HIV Among Asians
Between 2011 and 2015, the Asian populationa in the United States grew around 12%, four times as fast as the total U.S. population. During the same period, the number of Asians receiving an HIV diagnosis increased by 28%, driven primarily by an increase in HIV diagnoses among Asian gay and bisexual men.b Asians, who make up 6% of the population, continue to account for only a small percentage of new HIV diagnoses in the United States and 6 dependent areas.c
From 2010 to 2015, estimated annual HIV infections, both diagnosed and undiagnosed, remained stable among Asians in the United States.d
HIV and AIDS Diagnoses
- Adult and adolescent Asians accounted for 2% (970) of the 40,324 new HIV diagnoses in the United States and 6 dependent areas in 2016.
- Of Asians who received an HIV diagnosis in 2016, 84% (825) were men and 15% (145) were women.
- Infections attributed to male-to-male sexual contact accounted for 90% (740) of all HIV diagnoses among Asian men in 2016. Among Asian women who received an HIV diagnosis, 94% (136) of infections were attributed to heterosexual contact.e
- From 2011 to 2015, annual HIV diagnoses increased by 35% among Asian gay and bisexual men in the United States and 6 dependent areas.
- In 2016, 336 Asians received a diagnosis of AIDS, representing 2% of the 18,409 AIDS diagnoses in the United States and 6 dependent areas.
Living With HIV
- Of the 15,800 Asians estimated to be living with HIV in the United States in 2015, 80% had received a diagnosis, a lower percentage than for any other race/ethnicity.
- Of Asians living with HIV in 2014, 57% received HIV medical care, 46% were retained in HIV care, and 51% had achieved viral suppression.f A person living with HIV who takes HIV medicine as prescribed and gets and stays virally suppressed can stay healthy and has effectively no risk of sexually transmitting HIV to HIV-negative partners.
HIV Diagnoses Among Adult and Adolescent Asians in the
United States and 6 Dependent Areas by Transmission Category and Sex, 2016
*Had both risk factors.
Source: CDC. Diagnoses of HIV infection in the United States and dependent areas, 2016. HIV Surveillance Report 2017;28.
There are some behaviors that put everyone at risk for HIV. These include having vaginal or anal sex without a condom or without medicine to prevent or treat HIV, or sharing injection drug equipment with someone who has HIV. Other factors that affect Asians particularly include:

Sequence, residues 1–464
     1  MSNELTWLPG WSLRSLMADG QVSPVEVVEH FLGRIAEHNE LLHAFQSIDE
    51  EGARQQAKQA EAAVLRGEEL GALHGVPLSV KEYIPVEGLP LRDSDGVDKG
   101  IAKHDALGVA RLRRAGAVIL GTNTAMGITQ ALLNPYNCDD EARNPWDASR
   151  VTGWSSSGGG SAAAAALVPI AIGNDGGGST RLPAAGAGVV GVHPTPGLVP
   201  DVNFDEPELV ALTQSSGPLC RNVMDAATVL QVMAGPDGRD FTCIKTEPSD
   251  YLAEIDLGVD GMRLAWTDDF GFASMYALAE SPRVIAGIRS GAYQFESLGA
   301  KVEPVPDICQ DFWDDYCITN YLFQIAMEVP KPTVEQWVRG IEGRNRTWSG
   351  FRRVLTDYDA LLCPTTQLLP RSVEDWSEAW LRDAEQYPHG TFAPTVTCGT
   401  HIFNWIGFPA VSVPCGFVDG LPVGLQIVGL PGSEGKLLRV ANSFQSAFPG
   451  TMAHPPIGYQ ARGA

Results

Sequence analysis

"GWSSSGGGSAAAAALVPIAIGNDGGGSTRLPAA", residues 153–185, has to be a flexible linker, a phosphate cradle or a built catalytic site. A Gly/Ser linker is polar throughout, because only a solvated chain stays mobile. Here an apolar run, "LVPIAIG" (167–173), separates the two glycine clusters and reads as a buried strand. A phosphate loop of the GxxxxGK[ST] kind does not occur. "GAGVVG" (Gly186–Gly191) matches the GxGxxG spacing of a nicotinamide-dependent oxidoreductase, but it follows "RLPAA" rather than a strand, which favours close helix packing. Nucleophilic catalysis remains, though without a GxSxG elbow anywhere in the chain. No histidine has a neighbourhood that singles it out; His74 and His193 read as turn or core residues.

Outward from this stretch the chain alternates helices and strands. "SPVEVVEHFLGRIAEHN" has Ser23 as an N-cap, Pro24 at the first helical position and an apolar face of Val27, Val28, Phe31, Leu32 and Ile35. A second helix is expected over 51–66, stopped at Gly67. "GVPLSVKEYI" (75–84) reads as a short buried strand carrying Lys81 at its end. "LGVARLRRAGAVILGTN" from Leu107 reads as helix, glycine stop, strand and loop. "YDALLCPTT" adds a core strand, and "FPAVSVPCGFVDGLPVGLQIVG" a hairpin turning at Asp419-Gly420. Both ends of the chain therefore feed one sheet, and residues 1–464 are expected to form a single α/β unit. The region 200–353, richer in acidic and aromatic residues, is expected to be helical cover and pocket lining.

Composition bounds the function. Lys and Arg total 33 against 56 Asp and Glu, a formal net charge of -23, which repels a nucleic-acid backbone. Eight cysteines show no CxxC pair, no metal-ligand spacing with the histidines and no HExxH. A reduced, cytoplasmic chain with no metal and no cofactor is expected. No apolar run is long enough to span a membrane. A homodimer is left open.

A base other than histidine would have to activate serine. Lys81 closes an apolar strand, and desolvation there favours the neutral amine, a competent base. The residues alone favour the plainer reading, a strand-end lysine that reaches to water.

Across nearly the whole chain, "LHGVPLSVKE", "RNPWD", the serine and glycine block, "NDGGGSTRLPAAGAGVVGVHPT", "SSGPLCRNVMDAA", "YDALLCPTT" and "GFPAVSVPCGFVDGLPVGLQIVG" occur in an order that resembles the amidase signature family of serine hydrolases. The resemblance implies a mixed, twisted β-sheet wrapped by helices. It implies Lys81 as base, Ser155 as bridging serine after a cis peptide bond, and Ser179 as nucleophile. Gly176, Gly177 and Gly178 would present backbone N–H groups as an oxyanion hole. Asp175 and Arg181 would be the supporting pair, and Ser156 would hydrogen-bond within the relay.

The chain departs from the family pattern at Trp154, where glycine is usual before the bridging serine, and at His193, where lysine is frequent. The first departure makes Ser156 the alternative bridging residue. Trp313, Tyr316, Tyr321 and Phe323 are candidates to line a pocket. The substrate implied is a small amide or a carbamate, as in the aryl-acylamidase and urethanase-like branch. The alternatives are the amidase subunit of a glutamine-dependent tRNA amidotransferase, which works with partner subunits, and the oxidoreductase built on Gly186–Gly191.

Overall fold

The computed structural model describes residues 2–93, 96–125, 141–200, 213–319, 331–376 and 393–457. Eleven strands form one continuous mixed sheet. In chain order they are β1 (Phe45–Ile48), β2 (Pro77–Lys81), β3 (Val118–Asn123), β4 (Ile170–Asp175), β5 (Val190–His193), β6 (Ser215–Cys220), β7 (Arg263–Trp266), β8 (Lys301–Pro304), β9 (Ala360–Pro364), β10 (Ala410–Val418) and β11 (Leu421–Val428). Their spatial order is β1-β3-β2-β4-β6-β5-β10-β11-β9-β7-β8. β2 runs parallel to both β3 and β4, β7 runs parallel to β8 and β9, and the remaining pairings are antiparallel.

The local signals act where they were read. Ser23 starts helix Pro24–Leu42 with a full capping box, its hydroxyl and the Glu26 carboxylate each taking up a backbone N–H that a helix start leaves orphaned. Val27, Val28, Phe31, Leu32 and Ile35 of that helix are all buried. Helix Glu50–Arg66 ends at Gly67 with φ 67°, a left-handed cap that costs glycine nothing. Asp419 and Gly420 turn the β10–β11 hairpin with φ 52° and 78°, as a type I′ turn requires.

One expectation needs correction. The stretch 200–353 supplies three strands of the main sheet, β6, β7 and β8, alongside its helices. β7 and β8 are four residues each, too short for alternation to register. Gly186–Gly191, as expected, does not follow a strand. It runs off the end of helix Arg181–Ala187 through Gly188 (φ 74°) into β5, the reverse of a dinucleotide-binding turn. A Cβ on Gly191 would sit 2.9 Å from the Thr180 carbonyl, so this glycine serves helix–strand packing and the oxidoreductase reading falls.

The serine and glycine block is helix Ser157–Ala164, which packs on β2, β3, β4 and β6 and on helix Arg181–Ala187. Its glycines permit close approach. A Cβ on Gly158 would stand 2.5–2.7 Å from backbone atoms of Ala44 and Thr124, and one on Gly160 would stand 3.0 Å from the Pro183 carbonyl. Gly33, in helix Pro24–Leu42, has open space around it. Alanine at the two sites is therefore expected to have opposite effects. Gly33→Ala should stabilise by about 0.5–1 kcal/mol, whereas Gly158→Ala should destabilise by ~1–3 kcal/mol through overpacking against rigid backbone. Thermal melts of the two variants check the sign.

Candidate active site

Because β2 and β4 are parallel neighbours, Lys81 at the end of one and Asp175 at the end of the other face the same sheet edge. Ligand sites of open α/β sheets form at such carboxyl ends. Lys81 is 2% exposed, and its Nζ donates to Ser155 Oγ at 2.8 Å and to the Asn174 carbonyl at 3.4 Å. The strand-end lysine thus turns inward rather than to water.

- Undiagnosed HIV. People living with undiagnosed HIV cannot obtain the care they need to stay healthy and may unknowingly transmit HIV to others.
- Cultural factors. Some Asians may avoid seeking testing, counseling, or treatment because of language barriers or fear of discrimination, the stigma of homosexuality, immigration issues, or fear of bringing shame to their families.
- Limited research. Limited research about Asian health and HIV infection has resulted in few targeted prevention programs and behavioral interventions in this population.
- Data limitations. The reported number of HIV cases among Asians may not reflect the true HIV diagnoses in this population because of race/ethnicity misidentification. This could lead to the underestimation of HIV infection in this population.
What CDC Is Doing
CDC and its partners are pursuing a high-impact prevention approach to maximize the effectiveness of current HIV prevention methods and improve surveillance among Asians. Funding state, territorial, and local health departments is CDC’s largest investment in HIV prevention.
- CDC provides support and technical assistance to health departments and community-based organizations to deliver prevention programs for Asians, such as The Banyan Tree Project.
- Capacity Building Assistance for High-Impact HIV Prevention provides technical assistance in capacity building to the Asian and Pacific Islander American Health Forum and the Asian and Pacific Islander Wellness Center.